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Atmore area churches endure storm, give thankscomment (0)

March 27, 2014

By Neisha Fuson

Atmore area churches endure storm, give thanks

A building’s awning is typically thought of as a good thing — something that helps keep visitors protected from the elements as they come and go. But for Canoe First Baptist Church, near Atmore, its awning was the very thing that damaged its building March 16. 

Winds that exceeded 110 mph blew through parts of Alabama, and Pastor Jake Bondurant said it seemed as though his neighborhood had withstood a tornado. His home, undamaged by the storm, is located behind the Escambia Baptist Association church. 

Bondurant, who has served in his first pastoral role at Canoe First for about a year and a half, explained that an awning on the west side of the church was caught by the wind, crumbled and thrown into parts of the roof. The debris left gaping holes in multiple areas with the most severe damage occurring above the sanctuary and the education/youth area. 

Around 8:20 a.m., Bondurant went to check on the building and it was raining heavily. 

“Before I knew it 10 men were there and started working. We had ladders, hammers and nails and tried to patch the holes. ... Sitting on top of a roof can bring folks together in a very special way,” Bondurant said with a laugh. 

It took the group (comprised of church members and a few community members) two hours to patch and cover the holes in the roof. And a few other volunteers came in the afternoon to help clear debris. The church had recently revamped its insurance plan, so all the repairs will be covered, Bondurant said.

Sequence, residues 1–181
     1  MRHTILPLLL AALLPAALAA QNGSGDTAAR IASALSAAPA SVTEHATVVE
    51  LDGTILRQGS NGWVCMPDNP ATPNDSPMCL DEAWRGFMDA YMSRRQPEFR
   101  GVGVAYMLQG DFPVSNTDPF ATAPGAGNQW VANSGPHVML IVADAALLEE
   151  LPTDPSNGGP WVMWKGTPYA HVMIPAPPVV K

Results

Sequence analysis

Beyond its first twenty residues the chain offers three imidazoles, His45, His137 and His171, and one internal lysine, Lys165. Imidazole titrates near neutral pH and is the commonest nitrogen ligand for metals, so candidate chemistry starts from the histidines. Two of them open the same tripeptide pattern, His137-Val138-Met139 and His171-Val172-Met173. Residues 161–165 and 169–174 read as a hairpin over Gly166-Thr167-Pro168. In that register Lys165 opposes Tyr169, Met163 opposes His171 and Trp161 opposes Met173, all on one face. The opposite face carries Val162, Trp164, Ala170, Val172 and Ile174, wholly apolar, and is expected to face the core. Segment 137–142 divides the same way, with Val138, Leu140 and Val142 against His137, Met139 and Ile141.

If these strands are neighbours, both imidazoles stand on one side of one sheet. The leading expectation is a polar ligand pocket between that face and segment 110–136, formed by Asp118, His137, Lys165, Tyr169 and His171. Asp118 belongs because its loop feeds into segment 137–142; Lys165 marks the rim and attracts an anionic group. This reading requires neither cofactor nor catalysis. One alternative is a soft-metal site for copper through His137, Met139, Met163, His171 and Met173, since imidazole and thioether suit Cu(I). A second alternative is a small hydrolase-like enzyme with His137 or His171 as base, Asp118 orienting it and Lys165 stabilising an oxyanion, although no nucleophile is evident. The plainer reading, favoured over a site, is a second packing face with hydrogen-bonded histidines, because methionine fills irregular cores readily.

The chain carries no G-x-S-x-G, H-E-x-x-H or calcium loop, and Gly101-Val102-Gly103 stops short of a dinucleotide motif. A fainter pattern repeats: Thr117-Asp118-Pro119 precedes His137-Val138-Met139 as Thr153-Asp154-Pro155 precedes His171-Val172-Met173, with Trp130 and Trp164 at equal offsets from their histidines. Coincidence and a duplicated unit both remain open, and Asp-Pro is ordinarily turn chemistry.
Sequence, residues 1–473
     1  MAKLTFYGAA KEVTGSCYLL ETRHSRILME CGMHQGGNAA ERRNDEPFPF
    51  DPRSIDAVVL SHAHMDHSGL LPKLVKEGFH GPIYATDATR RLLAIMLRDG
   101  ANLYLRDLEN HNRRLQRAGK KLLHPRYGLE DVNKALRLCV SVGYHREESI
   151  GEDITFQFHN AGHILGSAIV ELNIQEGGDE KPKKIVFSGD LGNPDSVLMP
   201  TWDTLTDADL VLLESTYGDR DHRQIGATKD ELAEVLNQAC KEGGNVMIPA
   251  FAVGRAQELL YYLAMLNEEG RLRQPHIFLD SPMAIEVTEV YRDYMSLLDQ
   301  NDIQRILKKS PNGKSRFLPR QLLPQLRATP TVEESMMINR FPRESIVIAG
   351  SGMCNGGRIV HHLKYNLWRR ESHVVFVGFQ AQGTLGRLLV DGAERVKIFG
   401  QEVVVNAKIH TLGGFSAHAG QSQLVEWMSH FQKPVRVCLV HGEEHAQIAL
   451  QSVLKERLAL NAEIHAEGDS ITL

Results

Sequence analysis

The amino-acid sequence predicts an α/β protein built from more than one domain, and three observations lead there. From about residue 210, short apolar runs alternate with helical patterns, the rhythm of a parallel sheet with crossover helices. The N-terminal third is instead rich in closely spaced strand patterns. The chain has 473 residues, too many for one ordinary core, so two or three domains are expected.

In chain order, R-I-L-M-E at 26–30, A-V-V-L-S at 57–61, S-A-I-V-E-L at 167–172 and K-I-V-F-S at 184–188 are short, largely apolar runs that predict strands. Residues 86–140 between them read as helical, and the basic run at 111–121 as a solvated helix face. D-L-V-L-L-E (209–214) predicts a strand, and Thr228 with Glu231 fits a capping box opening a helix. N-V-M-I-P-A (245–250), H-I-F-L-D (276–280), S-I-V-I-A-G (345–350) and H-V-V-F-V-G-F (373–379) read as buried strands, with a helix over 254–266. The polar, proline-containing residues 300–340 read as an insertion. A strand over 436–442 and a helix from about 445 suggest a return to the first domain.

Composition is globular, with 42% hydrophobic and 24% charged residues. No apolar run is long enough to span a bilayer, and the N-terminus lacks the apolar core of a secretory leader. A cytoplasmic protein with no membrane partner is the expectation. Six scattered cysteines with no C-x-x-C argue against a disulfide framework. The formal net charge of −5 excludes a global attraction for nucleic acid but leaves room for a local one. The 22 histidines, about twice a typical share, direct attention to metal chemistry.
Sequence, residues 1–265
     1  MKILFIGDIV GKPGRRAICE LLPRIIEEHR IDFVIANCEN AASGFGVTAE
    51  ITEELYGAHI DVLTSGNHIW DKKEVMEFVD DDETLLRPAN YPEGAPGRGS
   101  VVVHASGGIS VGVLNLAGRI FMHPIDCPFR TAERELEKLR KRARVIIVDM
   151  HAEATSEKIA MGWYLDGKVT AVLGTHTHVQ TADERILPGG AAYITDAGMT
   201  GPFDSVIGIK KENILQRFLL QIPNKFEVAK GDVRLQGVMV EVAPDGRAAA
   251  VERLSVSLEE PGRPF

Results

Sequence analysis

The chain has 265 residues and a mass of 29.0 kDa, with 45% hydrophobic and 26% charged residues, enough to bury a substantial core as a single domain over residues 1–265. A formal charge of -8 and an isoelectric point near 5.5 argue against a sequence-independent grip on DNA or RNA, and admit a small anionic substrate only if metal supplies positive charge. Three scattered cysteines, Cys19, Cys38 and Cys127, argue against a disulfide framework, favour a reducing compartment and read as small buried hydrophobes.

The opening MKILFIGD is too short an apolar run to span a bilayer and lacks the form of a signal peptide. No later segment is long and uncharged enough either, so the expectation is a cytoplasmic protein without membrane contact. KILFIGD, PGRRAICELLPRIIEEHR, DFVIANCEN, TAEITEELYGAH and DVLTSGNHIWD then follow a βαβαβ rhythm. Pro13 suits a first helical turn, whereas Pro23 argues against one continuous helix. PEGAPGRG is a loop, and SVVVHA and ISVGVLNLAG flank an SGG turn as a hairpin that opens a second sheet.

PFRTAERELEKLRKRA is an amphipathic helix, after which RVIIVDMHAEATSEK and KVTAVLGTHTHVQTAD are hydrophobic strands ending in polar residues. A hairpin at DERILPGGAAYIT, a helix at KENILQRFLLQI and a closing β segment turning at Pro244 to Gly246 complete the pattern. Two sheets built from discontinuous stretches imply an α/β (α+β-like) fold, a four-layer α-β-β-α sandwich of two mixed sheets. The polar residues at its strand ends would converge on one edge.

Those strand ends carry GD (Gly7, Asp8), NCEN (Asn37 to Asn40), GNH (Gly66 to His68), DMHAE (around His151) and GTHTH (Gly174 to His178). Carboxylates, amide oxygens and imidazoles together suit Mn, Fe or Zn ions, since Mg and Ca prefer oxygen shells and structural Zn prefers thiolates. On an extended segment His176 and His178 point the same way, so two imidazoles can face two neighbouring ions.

Church members gathered in the undamaged fellowship hall for Wednesday night services and plan to meet there for the next several weeks while repairs are made to the sanctuary and the roof is replaced. 

Having never experienced anything like this before, Bondurant, a Florida native, said he’s thankful the damage wasn’t any worse. No church members were injured and most of their homes were undamaged or easily fixable.  

Ironically an awning also was destroyed at Brooks Memorial Baptist Church, Atmore, the same day. Pastor Robert Heard said there also were a few shingles torn off the roof but overall there was minimal damage. 

Two church members’ homes had a tree fall on them so the association’s disaster relief team removed the trees March 16–17. 

Brooks Memorial Baptist members met at the church for evening services March 16 and had a “time of thanksgiving,” Heard said. “There were no injuries or deaths (in the area). It could have been a whole lot worse.” 

Bondurant said he received encouraging calls and emails from Rick Lance, executive director of the Alabama Baptist State Board of Missions (SBOM), and Mel Johnson, disaster relief strategist for SBOM. 

Bondurant said, “The whole state has been concerned for us; we’re really thankful for that. They’ve been praying for us. It makes me really glad that I live in Alabama and work at a church in Alabama.” 

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